Whether Americans are doing right by their kids is a recurrent subject of often bitter debate. With controversies about the “tiger mom,” or “helicopter parents,” or career women “dumping” their children on others, or men doing their share, there is no end of worry about whether 21st-century American parents are properly committed to their children.
Some recent data suggests that American parents in the last generation have been at least trying harder than parents did decades ago. They are spending more money on their kids and, given their work schedules, spending more time with their kids. This trend developed in the face of other trends have made attending to kids more and more difficult: the growth of single parenting, the entry of most mothers into the labor force, and the exacerbated financial strains on middle- and working-class families. While parents are making the effort, as is so often the case these days, widening inequality makes it harder for some parents and kids than others.
Follow the Money
In a just-published paper in the journal Demography, Sabino Kornrich and Frank Furstenberg report their analyses of how much money American parents spent on children between 1972 and 2007. The authors use the most comprehensive available survey of spending patterns, the Consumer Expenditure Survey. They calculate the average spending of households per child, per year, for children up to the age of 24 on childcare and babysitting; on education, which includes, books lessons, and tuition; and on everything else, which includes clothes, sports equipment, and toys. The authors adjust the dollar amounts for inflation; these are 2008 dollars. Their basic findings are in this figure (adapted from their table 1):
Spending has sharply increased, overall from about $1,310 to $2,200 per child. The major drivers were childcare, up from about $180 to about $540, and education, up from about $620 to about $1,190. (It does not seem to be about the toys.) In percentage terms, American households’ spending on children rose from 3.1 to 3.6 percent of all their spending. If the survey had counted education costs for children over age 24, the upward trend would probably have been yet stronger, given rapidly rising tuition costs.
Finding the Time
But are today’s parents just buying out their guilt with nannies and after-school programs? It seems not. A few studies suggest that American children, on average, are getting as much or more one-on-one with their parents as those parents did when they were children (see 1, 2 and 3, 4, 5). The patterns are complex, given that more moms are out of the home more hours now than in the 1970s (see this post) and kids are doing more after-school activities. But, through a variety of means – such as fathers taking more responsibility, couples juggling night schedules, parents doing a lot less housekeeping, and women sleeping less – American parents are, on average, working harder at being parents.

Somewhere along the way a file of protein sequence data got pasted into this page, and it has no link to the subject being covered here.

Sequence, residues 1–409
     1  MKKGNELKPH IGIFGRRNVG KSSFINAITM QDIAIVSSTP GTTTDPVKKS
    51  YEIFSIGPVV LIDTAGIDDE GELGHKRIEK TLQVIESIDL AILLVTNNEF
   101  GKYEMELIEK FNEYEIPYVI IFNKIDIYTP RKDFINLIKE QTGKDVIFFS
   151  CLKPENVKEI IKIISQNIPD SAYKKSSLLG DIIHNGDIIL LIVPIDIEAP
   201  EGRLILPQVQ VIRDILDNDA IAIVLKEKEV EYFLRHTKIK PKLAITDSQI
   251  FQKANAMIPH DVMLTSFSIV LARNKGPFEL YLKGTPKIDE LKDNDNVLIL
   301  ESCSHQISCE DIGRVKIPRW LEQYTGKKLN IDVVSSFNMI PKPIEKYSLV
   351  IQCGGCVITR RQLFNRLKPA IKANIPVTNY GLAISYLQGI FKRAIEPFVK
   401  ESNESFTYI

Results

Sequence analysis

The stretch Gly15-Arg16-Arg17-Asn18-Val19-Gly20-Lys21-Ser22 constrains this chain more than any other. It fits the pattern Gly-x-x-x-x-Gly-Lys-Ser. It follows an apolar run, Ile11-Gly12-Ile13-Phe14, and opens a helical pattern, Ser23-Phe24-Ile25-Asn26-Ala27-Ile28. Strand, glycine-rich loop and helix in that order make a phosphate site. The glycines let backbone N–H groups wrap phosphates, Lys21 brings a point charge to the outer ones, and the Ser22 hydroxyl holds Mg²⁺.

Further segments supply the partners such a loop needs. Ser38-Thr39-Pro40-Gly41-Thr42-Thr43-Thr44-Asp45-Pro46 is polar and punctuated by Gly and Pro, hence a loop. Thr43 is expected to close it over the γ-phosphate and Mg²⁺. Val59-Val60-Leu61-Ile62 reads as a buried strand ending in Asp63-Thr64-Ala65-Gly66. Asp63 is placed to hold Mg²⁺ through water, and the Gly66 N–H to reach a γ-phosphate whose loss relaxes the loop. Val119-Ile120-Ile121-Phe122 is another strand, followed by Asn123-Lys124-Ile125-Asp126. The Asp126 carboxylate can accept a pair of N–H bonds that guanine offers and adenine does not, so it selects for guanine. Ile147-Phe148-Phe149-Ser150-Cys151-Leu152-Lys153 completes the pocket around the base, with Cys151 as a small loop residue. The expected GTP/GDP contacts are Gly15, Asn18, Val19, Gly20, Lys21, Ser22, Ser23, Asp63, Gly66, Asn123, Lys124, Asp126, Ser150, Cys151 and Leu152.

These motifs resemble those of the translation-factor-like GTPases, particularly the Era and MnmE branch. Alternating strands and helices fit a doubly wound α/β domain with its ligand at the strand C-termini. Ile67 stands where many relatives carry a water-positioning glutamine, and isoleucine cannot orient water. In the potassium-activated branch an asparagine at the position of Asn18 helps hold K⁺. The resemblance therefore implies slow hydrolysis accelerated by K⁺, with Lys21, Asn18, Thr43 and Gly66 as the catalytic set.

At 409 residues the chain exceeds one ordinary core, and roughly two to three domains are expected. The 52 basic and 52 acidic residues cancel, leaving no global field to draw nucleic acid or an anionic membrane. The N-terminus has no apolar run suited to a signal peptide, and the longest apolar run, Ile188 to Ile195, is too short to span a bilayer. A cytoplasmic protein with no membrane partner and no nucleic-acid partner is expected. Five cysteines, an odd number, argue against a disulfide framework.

But Not All Succeed
As with most things, however, the trend toward widening class inequality in the U.S. shows that these averages mask quite different fates for different children
On the money front, Kornrich and Furstenberg show that affluent households – that is, those in the top half of income (adjusting income for the number in the household) – increased their spending on children from 1972-73 to 2006-07 by about $1,600 per child per year; $3,700 for households in the top ten percent. The rest of American households increased their spending on children by only about $200. Yet, because of widening income inequality, that $200 for the less affluent entailed a greater increase in the proportion of their total spending than the $1,600 did for the higher-income households. (Numbers calculated from report, table 2.) That is, Americans in the bottom half had to stretch themselves more for their kids than higher income parents did even if the dollar amounts were far, far less.
Moreover, setting aside income, the gap in spending between kids of college-educated parents and kids of other parents also grew, pointing to the widening educational inequality the nation has been undergoing (see this post).
On the time front, the data are murkier, but it appears that here, too, children of the college-educated are doing increasingly better than the children of the less educated. Certainly, children of single moms, who tend to be of low education and low income, lose contact time when their mothers go to work.
Why would today’s parents seemingly press themselves harder to nurture their children? One possibility is that they increasingly subscribe to a child-centered ideology that has been developing for the last several decades, one involving what sociologist Annette Lareau describes as the “concerted cultivation” of children by what historian Peter Stearns labels Anxious Parents. Another is that today’s parents, like those of earlier eras of economic transitions (see, e.g., here), feel the pressure to prepare their children for an uncertain future, to get a head start on the competition.